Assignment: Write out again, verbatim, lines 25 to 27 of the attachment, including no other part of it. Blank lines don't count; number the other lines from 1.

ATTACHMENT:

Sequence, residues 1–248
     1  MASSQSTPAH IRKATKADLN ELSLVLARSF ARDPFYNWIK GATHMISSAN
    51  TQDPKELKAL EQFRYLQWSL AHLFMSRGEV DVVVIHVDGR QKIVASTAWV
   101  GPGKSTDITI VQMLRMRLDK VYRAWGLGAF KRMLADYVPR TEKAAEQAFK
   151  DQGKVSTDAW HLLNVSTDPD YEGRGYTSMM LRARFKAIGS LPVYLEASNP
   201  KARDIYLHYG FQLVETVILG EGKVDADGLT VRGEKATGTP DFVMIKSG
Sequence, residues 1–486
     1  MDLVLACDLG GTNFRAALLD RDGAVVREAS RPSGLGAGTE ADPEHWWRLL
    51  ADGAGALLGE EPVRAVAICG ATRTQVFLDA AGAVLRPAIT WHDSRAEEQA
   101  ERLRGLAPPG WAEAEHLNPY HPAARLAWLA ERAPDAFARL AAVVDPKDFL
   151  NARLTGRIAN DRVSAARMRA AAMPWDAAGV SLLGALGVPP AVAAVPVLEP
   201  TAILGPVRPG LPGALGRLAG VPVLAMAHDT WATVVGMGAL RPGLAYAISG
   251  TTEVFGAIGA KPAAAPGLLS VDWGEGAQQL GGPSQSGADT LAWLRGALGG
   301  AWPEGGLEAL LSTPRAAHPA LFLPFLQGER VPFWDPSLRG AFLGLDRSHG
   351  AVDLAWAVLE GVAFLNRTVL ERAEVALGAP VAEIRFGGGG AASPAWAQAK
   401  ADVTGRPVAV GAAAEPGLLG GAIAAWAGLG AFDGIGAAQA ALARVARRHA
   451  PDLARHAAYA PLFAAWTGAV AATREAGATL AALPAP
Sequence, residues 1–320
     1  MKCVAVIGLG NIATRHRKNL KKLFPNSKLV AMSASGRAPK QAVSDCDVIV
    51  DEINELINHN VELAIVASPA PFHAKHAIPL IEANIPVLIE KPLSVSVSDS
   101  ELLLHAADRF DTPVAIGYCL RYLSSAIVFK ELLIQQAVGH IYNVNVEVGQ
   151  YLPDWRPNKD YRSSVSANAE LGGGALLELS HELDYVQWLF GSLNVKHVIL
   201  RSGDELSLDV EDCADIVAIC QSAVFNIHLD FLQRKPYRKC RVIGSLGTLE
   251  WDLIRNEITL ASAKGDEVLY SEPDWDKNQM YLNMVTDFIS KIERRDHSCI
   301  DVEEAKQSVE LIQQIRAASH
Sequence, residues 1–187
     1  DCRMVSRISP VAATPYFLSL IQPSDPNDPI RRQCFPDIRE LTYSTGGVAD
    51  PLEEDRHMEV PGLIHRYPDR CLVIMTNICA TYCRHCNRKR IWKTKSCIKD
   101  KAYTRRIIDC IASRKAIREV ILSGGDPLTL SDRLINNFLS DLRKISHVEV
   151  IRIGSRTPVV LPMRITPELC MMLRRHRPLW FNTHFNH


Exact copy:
   301  DVEEAKQSVE LIQQIRAASH
Sequence, residues 1–187
     1  DCRMVSRISP VAATPYFLSL IQPSDPNDPI RRQCFPDIRE LTYSTGGVAD